Brazil’s footballing prowess is hardly a secret. As the country of birth for such revered players as Ronaldo, Ronaldinho, Roberto Carlos, Garrincha and a certain Pelé, it’s not particularly surprising that it is also the most successful World Cup nation ever. It has also produced its fair share of musical legends over the years – and we’re taking a look at a handful of these below…
1962 saw the Brazilian national team winning their second World Cup in a row, beating Czechoslovakia 3-1 in the final at Santiago’s Estadio Nacional. It had been a physical – at times ugly - tournament, which led to Pelé picking up an injury in the group stages – but Garrincha and Vavá each produced four goals to lead Brazil to their second World Cup victory.
It was around this time that Brazilian music was beginning to get noticed around the world too. In 1962 Pery Ribeiro recorded the original version of ‘The Girl From Ipanema’, which went on to become an international hit when it was released by João Gilberto and Stan Getz on their 1964 Grammy Award-winning album Getz/Gilberto - still one of the most successful and critically-acclaimed Brazilian albums of all time.
The 1966 World Cup in England saw Brazil crashing out in the group stages amid internal turmoil and the increasingly cynical physicality of the competition, which again caused Pelé to retire from the tournament early. The England team, meanwhile, were in fine form under Alf Ramsey and took full advantage of Brazil’s worst ever World Cup performance, going on to win the competition in front of almost 100,000 fans at Wembley Stadium on 30th July.
At the same time, Sergio Mendes & Brasil ’66 were releasing their first album on Herb Alpert‘s A&M Records. By the mid-Sixties the música popular brasileira scene was starting to gather momentum, with the likes of Jorge Ben and Chico Buarque looking to traditional Brazilian music more and more for inspiration. On Herb Alpert Presents…, Mendes gave this typically Brazilian sound an international edge. Featuring the vocal talents of the American-born Lani Hall (the only non-Brazilian member of the group) and sung partly in English, it is now best known for its opening track ‘Mas Que Nada’, which has since become something of a World Cup anthem. Although it was originally released a couple of years earlier by Jorge Ben, and has since been covered by the Black Eyed Peas and countless others, it is Mendes’ version that remains the favourite.
Mexico ‘70 saw the Brazilian team at its zenith. Featuring the likes of Pelé, Jairzinho, Rivelino and Tostão, it is widely regarded to be one of the best ever seen, winning not only every game in the tournament, but every one of the qualifying matches as well. It was Brazil’s third World Cup victory, resulting in them keeping the famous Jules Rimet trophy for good.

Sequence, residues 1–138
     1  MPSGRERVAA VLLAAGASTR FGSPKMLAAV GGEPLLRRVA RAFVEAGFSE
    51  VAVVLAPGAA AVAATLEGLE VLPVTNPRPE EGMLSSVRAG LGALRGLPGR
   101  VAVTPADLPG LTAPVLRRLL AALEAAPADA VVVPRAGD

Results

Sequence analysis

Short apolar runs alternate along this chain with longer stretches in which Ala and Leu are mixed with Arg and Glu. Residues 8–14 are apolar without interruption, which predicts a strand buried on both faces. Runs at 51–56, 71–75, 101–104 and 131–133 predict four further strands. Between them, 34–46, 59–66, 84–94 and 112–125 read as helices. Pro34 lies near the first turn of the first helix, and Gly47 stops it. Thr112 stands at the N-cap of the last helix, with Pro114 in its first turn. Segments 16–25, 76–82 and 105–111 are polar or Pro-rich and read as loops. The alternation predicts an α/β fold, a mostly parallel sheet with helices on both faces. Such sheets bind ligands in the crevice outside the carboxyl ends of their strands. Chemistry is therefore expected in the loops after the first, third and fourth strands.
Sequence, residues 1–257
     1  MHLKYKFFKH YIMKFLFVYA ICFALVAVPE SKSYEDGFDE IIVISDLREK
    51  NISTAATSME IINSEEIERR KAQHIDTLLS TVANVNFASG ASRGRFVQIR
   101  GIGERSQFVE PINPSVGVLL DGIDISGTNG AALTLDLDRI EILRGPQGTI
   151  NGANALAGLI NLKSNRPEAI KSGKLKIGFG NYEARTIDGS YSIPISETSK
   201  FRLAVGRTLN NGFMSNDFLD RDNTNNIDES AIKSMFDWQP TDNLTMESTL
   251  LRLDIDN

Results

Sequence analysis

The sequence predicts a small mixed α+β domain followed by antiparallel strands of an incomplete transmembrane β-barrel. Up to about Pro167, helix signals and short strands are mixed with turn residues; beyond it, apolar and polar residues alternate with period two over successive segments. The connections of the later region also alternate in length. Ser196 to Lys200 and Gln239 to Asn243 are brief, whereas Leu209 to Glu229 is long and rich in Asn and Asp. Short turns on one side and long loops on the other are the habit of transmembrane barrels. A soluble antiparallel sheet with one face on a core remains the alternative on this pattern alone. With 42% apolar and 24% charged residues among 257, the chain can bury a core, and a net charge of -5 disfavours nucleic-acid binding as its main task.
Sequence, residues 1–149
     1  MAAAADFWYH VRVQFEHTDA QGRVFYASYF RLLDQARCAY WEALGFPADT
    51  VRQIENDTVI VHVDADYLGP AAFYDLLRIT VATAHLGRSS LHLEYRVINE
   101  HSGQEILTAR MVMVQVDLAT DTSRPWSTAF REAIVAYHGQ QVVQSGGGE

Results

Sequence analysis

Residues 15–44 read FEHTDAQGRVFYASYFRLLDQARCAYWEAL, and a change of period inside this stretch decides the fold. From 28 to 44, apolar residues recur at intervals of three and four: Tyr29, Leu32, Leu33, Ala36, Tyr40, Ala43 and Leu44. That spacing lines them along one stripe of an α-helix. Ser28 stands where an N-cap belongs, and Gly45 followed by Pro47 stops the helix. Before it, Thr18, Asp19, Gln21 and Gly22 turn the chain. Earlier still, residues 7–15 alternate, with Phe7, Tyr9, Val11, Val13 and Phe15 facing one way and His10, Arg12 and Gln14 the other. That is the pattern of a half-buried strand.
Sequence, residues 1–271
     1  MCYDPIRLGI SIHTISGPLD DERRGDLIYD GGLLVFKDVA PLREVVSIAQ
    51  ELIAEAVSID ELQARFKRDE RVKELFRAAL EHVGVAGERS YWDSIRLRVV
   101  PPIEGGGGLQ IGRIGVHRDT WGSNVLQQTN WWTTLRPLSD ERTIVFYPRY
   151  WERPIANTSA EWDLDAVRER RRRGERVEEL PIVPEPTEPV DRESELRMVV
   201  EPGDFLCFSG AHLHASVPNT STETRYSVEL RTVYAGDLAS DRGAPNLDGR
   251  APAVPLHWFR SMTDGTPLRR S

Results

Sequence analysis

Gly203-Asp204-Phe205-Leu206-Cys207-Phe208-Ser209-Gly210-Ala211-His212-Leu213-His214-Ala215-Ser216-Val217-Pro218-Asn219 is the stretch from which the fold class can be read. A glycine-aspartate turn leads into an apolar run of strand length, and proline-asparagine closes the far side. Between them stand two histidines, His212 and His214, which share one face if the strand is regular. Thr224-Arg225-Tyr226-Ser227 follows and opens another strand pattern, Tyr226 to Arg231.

However, back home the picture wasn’t so rosy. Brazil was becoming an increasingly repressive state under Emílio Médici’s military dictatorship, with torture now fairly commonplace and media censorship tightening. It was around this time that the tropicália movement began making waves, not only in Brazil but throughout South America as well. Mixing traditional Brazilian music with American and European rock ’n’ roll, tropicália’s politically charged undertones were regarded with suspicion by Médici’s government. Caetano Veloso and Gilberto Gil (two of Brazil’s biggest stars and the driving forces behind the movement) were imprisoned, while other key figures were said to have been subjected to torture. It was this rather bleak backdrop that made the vibrant tropicália scene all the more crucial. Its musical manifesto was laid out with Tropicália: ou Panis et Circencis, a 1968 collaboration between Gil, Veloso and many other Brazilian musicians, which is considered by many to be one of the most essential Brazilian albums of all time.
The turn of the millennium saw a return to form for Brazilian football following a relatively disappointing spell on the world stage throughout the previous few decades. With Ronaldo, Rivaldo and Ronaldinho providing the firepower (scoring 15 goals between them) Brazil lifted the World Cup trophy for the fifth time at the 2002 competition in South Korea and Japan.
Brazilian music was also seeing a resurgence in popularity at this time. Seu Jorge had already released his debut album in Brazil in 2001 but, following his appearance in Fernando Meirelles’ 2002 film City Of God, it was given an international release under the name Carolina. Partly thanks to his acting career (he also appeared in Wes Anderson’s The Life Aquatic with Steve Zissou) he has gone on to become one of the best-known modern Brazilian musicians and a stalwart of the Brazilian samba renaissance.
By 2006 Rivaldo was no longer part of the team, and Ronaldo and Ronaldinho were past their best. Without the Three ‘R’s, Seleção Brasileira was a shadow of what it had been, and was knocked out by the Netherlands in the quarter finals courtesy of two second half Wesley Sneijder strikes.
But by the mid-Noughties Brazilian music was taking its place on the world stage once again, becoming more international-sounding and outward-looking than ever before. One band who encompassed this more than any other were CSS, who mixed baile funk’s sexual energy with a dayglo DIY dance-punk ethos to create a sweaty and outrageously cool sound that could (and still can) be heard in hipster hangouts from Rio to New York, London and beyond.
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Want to discover more brilliant Brazilian music? Check out the playlist below to dig a little deeper…
Of course, there are plenty more great musical nations competing at this year’s World Cup. Read our special World Cup Shortcut Series features on France and Germany too!